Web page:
Observing these magnificent bears in a totally wild environment was a joyous experience. They rank regally at the apex of the food chain, with no natural predator. The vulnerable one-pound cub born in January may become a fearless 900-pound boar 10 years later. They were masters of their domain. They were also curious, standing on their hind legs to get a better look at me as an intruder. Sometimes the cubs and mother played combat games in the meadow, part of the nurturing of the young bear, which may last for three years. At other times I watched the mother teach the cubs how to catch salmon. The bears usually moved slowly and deliberately, but could gallop with huge bursts of energy for short distances. Sometimes they did gallop, as if on command from the dominant bear.
Bear camp is run with a healthy respect for bears and careful emphasis on human safety. An orientation from the Alaska Bear Viewing Camp leader started the visit. Human activity was designed to have a minimum impact on normal bear behavior. Human noise was kept to a minimum. I learned to avoid direct eye contact with the bears, to move slowly rather than in an abrupt and threatening manner, and to retreat slowly rather than run off if approached by a bear. We bear viewers proceeded in single file through a forest between bear camp and the observation platform, always careful to avoid a chance encounter with a bear. Fresh bear scat in the forest reminded me that I was not alone. Guides carried shotguns at all times, should an unfortunate encounter occur. The first round in the shotgun was a firecracker that explodes into fireworks at 100 yards. The backup rounds were buckshot and steel slugs. Fortunately, my guide said he had never needed to use the backup rounds in the years that bear camp has been in operation.
One of the major rules of bear camp is that you never leave your Quonset hut after night falls, which was around midnight during my early August visit. Each Quonset had a porta-potty so that no one would have any need to venture out at night to the privy. The reason for staying indoors is that bears are extremely active at night and roam freely through the area. In fact, I was told that the camp shower was full of bear hair a few days before my arrival because a bear had scratched itself against the shower head.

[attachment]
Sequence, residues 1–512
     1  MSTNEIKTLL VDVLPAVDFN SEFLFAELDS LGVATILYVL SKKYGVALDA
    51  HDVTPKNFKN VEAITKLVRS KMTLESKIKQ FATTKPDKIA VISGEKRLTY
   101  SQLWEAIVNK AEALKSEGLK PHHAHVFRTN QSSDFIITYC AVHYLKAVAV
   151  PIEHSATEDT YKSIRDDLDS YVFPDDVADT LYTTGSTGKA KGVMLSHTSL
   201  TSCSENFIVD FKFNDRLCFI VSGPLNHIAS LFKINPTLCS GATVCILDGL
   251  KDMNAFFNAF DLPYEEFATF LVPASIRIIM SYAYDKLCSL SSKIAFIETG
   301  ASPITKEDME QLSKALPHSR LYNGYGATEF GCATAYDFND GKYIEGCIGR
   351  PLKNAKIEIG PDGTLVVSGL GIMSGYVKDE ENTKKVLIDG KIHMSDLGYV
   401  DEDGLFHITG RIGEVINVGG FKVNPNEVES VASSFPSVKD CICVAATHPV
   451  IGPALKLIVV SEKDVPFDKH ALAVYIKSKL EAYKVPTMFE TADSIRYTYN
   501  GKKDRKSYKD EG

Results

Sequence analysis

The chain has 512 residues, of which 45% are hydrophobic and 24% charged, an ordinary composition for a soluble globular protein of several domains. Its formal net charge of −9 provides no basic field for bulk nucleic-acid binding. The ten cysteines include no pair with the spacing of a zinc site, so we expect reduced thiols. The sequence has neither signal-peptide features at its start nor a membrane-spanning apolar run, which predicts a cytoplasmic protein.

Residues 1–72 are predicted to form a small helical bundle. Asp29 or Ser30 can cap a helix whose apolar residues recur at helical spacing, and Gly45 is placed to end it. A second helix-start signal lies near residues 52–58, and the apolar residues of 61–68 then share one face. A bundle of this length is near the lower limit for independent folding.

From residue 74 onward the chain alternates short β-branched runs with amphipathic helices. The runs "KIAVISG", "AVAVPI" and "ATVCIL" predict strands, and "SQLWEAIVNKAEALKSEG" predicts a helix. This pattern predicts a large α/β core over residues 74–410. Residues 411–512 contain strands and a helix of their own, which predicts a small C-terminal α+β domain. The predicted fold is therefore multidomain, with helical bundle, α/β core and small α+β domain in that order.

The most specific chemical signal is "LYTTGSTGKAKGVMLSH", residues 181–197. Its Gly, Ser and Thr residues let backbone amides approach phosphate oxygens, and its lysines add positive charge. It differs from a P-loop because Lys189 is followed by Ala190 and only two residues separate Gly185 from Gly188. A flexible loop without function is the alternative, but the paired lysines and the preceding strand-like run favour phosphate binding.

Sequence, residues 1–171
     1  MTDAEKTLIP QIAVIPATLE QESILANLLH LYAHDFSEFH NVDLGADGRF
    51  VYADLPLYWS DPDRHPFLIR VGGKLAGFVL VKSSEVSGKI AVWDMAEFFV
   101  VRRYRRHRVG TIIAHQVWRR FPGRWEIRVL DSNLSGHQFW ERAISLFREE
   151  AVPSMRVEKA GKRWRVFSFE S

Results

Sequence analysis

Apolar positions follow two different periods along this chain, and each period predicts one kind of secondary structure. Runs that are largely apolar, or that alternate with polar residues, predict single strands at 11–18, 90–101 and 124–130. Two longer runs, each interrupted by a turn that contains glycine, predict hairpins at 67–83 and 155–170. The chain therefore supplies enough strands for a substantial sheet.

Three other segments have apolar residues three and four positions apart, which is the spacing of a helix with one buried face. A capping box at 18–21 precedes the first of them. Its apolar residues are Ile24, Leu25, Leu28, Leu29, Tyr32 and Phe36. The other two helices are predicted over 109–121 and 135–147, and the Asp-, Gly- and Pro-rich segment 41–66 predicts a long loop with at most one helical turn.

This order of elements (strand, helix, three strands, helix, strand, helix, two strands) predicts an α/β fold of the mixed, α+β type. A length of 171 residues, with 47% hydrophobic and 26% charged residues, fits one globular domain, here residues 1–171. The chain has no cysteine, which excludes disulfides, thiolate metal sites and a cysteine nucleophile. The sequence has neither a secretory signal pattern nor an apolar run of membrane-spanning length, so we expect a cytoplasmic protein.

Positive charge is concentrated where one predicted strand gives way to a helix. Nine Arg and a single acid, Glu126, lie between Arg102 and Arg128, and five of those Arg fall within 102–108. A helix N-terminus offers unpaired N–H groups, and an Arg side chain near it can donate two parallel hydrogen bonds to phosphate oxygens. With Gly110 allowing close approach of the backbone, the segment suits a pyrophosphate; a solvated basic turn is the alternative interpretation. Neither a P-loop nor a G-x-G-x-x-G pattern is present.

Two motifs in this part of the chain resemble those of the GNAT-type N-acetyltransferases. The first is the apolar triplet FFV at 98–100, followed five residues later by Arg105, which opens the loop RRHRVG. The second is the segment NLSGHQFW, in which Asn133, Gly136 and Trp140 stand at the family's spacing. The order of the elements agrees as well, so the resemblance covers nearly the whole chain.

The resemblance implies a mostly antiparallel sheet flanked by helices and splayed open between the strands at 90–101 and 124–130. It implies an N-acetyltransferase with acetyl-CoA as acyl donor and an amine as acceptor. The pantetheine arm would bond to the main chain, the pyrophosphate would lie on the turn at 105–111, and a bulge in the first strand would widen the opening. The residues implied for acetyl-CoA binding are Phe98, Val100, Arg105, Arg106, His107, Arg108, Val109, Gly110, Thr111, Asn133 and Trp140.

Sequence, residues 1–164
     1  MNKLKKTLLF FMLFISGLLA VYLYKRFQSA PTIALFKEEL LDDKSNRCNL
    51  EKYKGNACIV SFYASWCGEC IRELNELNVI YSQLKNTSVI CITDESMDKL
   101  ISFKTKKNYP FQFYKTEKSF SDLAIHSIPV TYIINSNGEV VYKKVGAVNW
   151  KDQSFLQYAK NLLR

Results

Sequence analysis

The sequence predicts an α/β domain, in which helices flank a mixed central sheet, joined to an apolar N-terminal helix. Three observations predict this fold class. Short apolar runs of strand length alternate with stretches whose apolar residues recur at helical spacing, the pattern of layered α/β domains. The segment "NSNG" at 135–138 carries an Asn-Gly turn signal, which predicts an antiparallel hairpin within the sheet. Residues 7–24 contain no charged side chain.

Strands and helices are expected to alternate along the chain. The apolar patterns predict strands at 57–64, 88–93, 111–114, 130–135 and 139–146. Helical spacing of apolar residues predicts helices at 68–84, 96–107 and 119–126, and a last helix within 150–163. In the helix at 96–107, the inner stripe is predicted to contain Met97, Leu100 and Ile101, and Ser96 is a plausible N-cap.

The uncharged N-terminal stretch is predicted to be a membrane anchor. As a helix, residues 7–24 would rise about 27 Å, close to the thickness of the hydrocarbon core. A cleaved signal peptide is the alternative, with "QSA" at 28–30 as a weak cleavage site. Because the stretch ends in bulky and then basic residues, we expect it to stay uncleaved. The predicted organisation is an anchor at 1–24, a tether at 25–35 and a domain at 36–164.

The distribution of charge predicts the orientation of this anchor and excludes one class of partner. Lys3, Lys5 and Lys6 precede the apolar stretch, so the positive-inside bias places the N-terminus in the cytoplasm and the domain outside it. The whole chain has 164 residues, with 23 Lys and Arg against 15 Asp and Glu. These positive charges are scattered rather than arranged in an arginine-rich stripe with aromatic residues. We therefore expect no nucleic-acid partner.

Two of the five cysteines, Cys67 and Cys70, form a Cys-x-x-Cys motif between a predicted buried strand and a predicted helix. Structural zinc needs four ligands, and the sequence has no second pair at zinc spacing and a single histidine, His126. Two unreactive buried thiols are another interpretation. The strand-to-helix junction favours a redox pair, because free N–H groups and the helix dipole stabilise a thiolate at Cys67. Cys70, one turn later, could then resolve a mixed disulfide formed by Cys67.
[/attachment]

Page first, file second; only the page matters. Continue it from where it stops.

About 12:30 a.m. I was awakened to the noise of a caretaker’s dog barking and a large bear racing through camp. The bear retreated into the forest and then charged back out, causing the dog to back off, which was wise. Then out came the caretaker, who fired off one firecracker round. The rest of the night was relatively silent.
The next morning I enjoyed a bears-and-wildflowers walk with one of the dozen park rangers that patrol the four million acres of Lake Clark National Park and Preserve. The ranger keyed out plants with a botany book in hand and a shotgun slung over her shoulder. She estimated that about 40 bears live in the immediate river valleys associated with the meadow. For her, this was an exciting time to be at Lake Clark because the park is relatively new, established only in 1980. Botany was one of her specialties, and only 650 of the estimated 950 plants in the park had even been identified.
The grizzly bear, as mentioned, has been reclassified by zoologists. Formerly its own species, ursus horribilis, the grizzly is now believed to be a variant of the brown bear, ursus arctos. So all the bears I saw are now properly called brown bears. When the brown bear lives inland, such as at Denali National Park, it is now called a grizzly. Further complicating matters is the fact that I have seen “brown” bears in many color variants, from blond to black. The word “grizzly” originated from the white fur on some bears, which gave a “grizzled” appearance. Even the huge bears of Alaska’s Kodiak Island are now known simply as brown bears rather than grizzlies. The brown bears have a characteristic hump on their upper back. The grizzlies or browns of Alaska are noteworthy, of course, for their size, gorging on grass, salmon, berries, carrion, whatever these opportunistic feeders can locate and capture, which may include moose calves in spring.
Call them brown bears or grizzlies, as you wish. The simple truth is that an encounter with these huge Alaskan bears is one of the most memorable experiences the state can offer. Alaska is the best place to see wild bears. There are an estimated 31,000 brown/grizzly bears in Alaska, but only 1,000 in the lower 48.
Bear camp satisfied me because it delivered the concentration of bears, at relatively close range, that I desired to see.
Alaska: If You Go To Seek Out The Bears
Alaska Bear Viewing Camp information is at http://www.greatalaska.com.
For tourism information on Alaska, see http://www.travelalaska.com.